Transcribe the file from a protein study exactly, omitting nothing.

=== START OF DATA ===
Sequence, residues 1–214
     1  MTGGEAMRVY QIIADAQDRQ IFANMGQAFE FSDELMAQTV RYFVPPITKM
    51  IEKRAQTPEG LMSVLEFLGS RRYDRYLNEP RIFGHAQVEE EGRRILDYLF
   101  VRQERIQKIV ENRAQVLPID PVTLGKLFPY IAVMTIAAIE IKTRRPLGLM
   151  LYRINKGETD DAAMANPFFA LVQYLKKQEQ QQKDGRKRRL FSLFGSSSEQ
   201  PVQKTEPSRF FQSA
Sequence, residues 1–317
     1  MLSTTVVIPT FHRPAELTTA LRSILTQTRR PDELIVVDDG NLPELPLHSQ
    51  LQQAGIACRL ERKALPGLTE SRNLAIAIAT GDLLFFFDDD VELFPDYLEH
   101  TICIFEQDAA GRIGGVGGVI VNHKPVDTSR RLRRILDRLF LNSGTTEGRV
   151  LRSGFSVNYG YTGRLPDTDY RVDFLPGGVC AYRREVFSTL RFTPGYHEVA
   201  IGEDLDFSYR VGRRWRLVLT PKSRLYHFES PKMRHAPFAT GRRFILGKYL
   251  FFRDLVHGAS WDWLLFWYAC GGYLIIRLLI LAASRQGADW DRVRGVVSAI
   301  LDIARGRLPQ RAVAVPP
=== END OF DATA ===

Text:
Sequence, residues 1–214
     1  MTGGEAMRVY QIIADAQDRQ IFANMGQAFE FSDELMAQTV RYFVPPITKM
    51  IEKRAQTPEG LMSVLEFLGS RRYDRYLNEP RIFGHAQVEE EGRRILDYLF
   101  VRQERIQKIV ENRAQVLPID PVTLGKLFPY IAVMTIAAIE IKTRRPLGLM
   151  LYRINKGETD DAAMANPFFA LVQYLKKQEQ QQKDGRKRRL FSLFGSSSEQ
   201  PVQKTEPSRF FQSA
Sequence, residues 1–317
     1  MLSTTVVIPT FHRPAELTTA LRSILTQTRR PDELIVVDDG NLPELPLHSQ
    51  LQQAGIACRL ERKALPGLTE SRNLAIAIAT GDLLFFFDDD VELFPDYLEH
   101  TICIFEQDAA GRIGGVGGVI VNHKPVDTSR RLRRILDRLF LNSGTTEGRV
   151  LRSGFSVNYG YTGRLPDTDY RVDFLPGGVC AYRREVFSTL RFTPGYHEVA
   201  IGEDLDFSYR VGRRWRLVLT PKSRLYHFES PKMRHAPFAT GRRFILGKYL
   251  FFRDLVHGAS WDWLLFWYAC GGYLIIRLLI LAASRQGADW DRVRGVVSAI
   301  LDIARGRLPQ RAVAVPP